NATIONAL: PM to appoint new Defence Secretary after Fallon quits

PRIME Minister Theresa May will have to appoint a new Defence Secretary after Sir Michael Fallon resigned from his role yesterday.

Thursday, 2nd November 2017, 7:53 am
Updated Monday, 11th December 2017, 10:01 pm
Sir Michael Fallon Picture: Sarah Standing (170586-1115) PPP-170505-174000001

Sir Michael quit after admitting that his behaviour had ‘fallen below the high standards required’ in the role and acknowledging that what might have been acceptable in the past was no longer appropriate.

The resignation leaves the Prime Minister facing a reshuffle and deprives her of one of her most experienced and trusted colleagues.

Sir Michael’s shock announcement came after it emerged he had repeatedly put his hand on a journalist’s knee at a dinner in 2002.

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Sir Michael Fallon Picture: Sarah Standing (170586-1115) PPP-170505-174000001

His name had also appeared on the unverified list of sexual misconduct allegations which has been circulating in Westminster.

In his resignation letter to the Prime Minister, Sir Michael said: ‘A number of allegations have surfaced about MPs in recent days, including some about my previous conduct.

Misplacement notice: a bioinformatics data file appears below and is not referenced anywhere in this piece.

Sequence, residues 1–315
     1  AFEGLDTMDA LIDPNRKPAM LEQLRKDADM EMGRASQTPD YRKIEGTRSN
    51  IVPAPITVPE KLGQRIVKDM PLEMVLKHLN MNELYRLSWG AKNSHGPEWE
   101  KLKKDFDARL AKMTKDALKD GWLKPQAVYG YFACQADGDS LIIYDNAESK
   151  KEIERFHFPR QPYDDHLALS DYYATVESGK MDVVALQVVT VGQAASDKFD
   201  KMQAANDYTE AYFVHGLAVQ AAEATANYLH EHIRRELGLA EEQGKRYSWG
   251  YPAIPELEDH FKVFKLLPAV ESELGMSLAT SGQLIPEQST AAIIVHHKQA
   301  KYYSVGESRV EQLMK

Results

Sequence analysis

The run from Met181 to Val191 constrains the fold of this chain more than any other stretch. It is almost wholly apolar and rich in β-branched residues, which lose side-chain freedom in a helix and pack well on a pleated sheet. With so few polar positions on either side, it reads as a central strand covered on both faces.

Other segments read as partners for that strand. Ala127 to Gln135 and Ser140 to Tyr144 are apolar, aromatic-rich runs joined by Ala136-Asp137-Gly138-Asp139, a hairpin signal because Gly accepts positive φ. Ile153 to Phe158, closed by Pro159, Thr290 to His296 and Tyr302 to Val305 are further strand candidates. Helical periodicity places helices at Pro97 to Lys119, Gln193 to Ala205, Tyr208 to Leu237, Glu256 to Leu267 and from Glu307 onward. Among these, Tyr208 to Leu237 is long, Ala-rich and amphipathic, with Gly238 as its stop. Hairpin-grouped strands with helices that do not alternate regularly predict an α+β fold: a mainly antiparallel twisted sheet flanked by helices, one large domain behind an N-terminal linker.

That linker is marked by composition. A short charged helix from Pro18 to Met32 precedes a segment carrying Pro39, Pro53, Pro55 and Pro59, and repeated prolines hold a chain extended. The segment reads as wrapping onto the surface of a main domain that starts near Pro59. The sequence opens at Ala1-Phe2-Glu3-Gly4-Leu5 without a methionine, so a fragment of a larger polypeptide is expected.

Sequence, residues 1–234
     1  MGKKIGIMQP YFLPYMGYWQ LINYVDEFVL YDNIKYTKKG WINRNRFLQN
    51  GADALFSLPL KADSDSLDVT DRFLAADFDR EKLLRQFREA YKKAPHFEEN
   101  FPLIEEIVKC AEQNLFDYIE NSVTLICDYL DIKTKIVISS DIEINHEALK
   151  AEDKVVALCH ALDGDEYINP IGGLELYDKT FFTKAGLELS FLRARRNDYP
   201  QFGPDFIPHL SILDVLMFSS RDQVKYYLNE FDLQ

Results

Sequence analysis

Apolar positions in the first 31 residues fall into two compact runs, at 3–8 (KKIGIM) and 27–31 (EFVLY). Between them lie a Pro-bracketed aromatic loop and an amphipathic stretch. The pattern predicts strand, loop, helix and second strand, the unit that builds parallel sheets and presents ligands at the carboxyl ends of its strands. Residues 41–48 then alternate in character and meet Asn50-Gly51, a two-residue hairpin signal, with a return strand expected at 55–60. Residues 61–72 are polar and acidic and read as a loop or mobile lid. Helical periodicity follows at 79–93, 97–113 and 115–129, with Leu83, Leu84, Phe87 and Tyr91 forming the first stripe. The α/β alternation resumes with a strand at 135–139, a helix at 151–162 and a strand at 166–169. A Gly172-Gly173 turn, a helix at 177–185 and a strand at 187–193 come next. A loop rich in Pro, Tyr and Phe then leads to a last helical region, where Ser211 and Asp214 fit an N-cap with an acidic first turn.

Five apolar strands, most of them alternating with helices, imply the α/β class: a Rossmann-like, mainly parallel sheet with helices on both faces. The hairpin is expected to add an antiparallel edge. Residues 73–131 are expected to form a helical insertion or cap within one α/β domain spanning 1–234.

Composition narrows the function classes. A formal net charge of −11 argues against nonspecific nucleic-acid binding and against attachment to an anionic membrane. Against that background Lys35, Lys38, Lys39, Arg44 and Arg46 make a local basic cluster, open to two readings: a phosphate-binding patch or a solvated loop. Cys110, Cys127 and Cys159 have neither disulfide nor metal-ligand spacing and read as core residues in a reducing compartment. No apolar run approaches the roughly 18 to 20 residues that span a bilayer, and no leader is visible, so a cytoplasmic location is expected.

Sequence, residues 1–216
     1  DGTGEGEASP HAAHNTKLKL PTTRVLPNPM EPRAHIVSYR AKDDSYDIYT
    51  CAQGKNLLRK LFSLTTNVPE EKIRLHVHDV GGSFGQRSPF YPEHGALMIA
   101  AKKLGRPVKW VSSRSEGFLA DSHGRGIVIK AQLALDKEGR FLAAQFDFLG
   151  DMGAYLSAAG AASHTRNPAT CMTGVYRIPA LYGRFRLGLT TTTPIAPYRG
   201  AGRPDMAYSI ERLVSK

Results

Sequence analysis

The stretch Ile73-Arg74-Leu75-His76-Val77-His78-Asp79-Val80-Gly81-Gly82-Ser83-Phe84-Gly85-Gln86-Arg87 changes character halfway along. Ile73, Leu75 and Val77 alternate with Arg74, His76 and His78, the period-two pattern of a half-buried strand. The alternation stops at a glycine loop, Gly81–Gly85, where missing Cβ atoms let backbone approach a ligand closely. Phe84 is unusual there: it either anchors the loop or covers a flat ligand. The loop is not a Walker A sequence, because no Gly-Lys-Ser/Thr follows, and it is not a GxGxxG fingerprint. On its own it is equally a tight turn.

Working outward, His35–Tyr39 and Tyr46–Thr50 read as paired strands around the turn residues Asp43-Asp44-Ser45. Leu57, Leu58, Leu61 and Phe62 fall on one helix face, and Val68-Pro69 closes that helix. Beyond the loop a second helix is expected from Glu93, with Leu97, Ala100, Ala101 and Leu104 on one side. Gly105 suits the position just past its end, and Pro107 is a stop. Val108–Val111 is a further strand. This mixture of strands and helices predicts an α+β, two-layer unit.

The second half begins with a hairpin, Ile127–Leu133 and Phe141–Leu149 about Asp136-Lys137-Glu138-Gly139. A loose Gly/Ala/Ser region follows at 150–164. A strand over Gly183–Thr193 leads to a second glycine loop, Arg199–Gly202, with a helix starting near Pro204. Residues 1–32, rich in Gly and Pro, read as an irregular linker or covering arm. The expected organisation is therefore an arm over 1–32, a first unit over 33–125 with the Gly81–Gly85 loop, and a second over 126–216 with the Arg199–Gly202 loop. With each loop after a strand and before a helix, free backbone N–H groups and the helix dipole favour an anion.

‘Many of these have been false but I accept that in the past I have fallen below the high standards that we require of the armed forces that I have the honour to represent.’

Asked whether he was worried that there would be further revelations about his behaviour, Sir Michael told the BBC: ‘The culture has changed over the years, what might have been acceptable 15, 10 years ago is clearly not acceptable now.

Sir Michael Fallon Picture: Sarah Standing (170586-1115) PPP-170505-174000001

‘Parliament now has to look at itself and the Prime Minister has made very clear that conduct needs to be improved and we need to protect the staff of Westminster against any particular allegations of harassment.’

The 2002 Tory party conference incident involved radio host Julia Hartley-Brewer, who previously said she regarded it ‘mildly amusing’.

Sir Michael’s resignation will fuel speculation that other ministers could also be forced out as a result of the scandal.